But the most important point is that the folders placed on the same level are completely independent of each other. Dashboard and its children could be easily modified or removed without affecting Profile. Basically, you have independent applications so long as you don’t share components between them.

Let’s move on and see how the applications is structured when we collapse the folders:

Every folder has index.js file, with the purpose is to re-export the components inside the folder. Re-exporting is done according to the following rules:

If it is a folder that corresponds to a namespaced URL, export its descendant components with an asterisk notation.

E.g. Dashboard/index.js would look:

And then in your routes you can write:

As you can see, even if you don’t specify a FQN (Fully Qualified Name) it’s possible to still not lose the semantics.

If it’s a folder that corresponds to a non-namespaced component export it without an asterisk.

Scene component and routing

Every folder that corresponds to a collection, resource or action URL has Scene.js file, which purpose is to be a component provided in routes configuration as a RouteHandler. This means that every folder without a Scene.js automatically indicates a namespaced URL, e.g. `Dashboard` and `Users` components. Here’s how the routes declaration will look using ReactRouter v3:

The example of Scene.js for /dashboard/activity URL:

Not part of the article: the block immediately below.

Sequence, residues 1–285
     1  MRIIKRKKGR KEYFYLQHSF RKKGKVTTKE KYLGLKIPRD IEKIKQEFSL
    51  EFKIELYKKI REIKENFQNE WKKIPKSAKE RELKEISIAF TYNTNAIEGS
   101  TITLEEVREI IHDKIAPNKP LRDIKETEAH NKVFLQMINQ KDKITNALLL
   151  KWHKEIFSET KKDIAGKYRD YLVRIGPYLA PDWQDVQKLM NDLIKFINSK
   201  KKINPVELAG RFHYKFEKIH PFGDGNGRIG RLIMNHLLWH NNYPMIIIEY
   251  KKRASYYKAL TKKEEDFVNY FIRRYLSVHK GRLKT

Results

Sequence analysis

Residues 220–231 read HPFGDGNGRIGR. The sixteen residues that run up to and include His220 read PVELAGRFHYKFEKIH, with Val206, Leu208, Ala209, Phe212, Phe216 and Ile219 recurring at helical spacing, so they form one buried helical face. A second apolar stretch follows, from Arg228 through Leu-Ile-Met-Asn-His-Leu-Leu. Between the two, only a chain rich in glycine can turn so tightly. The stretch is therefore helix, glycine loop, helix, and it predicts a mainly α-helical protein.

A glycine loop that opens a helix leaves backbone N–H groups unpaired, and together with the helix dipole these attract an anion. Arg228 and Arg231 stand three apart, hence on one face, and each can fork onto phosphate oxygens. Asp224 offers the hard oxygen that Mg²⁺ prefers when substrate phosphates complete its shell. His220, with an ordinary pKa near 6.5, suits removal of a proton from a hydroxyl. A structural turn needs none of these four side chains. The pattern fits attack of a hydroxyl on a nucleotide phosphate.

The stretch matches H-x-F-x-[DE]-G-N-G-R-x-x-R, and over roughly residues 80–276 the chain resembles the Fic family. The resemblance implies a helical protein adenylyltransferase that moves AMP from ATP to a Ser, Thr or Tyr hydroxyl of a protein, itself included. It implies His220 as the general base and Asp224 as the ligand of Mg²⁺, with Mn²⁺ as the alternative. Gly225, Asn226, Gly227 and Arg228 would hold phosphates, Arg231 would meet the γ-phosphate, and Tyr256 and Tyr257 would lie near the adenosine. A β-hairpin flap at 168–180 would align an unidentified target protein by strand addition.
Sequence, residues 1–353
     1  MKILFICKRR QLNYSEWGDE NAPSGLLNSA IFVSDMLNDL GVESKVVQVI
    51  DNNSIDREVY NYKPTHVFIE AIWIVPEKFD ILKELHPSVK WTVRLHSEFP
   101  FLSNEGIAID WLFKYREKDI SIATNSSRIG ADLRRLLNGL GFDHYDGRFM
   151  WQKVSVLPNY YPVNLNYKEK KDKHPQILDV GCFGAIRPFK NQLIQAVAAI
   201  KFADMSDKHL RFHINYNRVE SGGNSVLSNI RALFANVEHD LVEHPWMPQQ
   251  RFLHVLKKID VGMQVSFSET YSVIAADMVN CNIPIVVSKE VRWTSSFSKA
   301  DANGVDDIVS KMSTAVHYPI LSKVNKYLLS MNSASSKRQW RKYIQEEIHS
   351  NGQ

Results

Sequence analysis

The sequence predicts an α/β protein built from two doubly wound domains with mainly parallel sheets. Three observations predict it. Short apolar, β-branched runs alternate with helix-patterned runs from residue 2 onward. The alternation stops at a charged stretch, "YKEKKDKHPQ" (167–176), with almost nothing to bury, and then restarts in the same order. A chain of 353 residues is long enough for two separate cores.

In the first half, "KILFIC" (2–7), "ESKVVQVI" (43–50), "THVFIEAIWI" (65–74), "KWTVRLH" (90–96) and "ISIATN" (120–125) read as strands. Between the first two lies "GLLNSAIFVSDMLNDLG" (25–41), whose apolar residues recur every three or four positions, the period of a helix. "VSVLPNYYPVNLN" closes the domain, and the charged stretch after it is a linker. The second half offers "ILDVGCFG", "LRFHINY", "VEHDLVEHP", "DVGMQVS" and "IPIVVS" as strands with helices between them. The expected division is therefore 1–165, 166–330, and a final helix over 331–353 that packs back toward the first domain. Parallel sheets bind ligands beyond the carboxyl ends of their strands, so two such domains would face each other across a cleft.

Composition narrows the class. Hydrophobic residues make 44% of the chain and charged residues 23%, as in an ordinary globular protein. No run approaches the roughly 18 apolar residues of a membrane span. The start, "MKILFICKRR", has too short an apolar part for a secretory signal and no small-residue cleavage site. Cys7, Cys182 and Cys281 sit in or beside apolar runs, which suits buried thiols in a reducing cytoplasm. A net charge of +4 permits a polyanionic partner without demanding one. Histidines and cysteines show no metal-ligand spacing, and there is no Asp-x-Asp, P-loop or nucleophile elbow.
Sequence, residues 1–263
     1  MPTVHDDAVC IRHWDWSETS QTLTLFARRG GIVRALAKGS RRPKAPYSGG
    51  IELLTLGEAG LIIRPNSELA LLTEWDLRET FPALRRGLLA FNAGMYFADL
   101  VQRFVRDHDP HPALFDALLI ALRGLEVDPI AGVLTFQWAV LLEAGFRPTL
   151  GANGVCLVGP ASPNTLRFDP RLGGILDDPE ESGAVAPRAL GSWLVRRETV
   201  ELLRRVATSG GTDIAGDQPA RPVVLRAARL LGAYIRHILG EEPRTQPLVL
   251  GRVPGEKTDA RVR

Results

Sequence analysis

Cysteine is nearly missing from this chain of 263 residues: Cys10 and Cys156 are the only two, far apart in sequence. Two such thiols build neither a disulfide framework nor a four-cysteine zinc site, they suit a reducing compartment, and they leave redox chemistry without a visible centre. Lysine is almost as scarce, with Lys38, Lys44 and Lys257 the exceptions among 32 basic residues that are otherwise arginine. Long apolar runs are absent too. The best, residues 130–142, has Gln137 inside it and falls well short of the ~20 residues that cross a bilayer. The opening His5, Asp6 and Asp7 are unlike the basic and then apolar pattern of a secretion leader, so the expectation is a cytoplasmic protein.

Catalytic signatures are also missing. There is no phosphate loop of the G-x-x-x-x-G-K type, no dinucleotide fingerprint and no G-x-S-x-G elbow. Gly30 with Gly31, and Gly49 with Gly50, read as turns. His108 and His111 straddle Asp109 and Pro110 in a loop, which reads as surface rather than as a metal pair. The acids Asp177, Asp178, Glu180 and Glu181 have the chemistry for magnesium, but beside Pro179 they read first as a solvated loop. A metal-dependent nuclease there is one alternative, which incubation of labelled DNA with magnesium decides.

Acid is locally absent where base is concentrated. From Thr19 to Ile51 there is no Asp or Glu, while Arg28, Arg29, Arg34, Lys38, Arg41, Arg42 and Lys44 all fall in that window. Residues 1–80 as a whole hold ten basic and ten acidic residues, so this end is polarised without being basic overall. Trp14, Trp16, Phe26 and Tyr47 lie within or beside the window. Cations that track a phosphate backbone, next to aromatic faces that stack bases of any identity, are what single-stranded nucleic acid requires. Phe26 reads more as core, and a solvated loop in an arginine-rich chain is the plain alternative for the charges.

The idea of the Scene component lies not only in providing a unified approach to structuring an application, but also in a more granular configuration.

For example, a common requirement is that URLs nested under the same namespace could have different layouts, so forcing a layouting on the routing level will result in less flexibility, which means it’s better to apply them on a component level. That’s where the Scene component comes in handy. You can easily define a Layout component for a specific URL and wrap it inside a Scene component. This is how our Dashboard/Activity/Scene.js would change after applying a Layout:

Notice that Layout is defined on the same level as the Activity component itself, indicating its relationship. By going away from defining the layouts in the static routes configuration we make the routes configuration less noisy and provide more flexibility on component level, i.e. you can control the rendering of layouts by passing props.

With ReactRouter v4 it’s slightly different since it advocates a dynamic routing configuration as opposed to a static one meaning there is no central routing configuration. Routes are defined on a component level and are components themselves. Here’s how it would look like: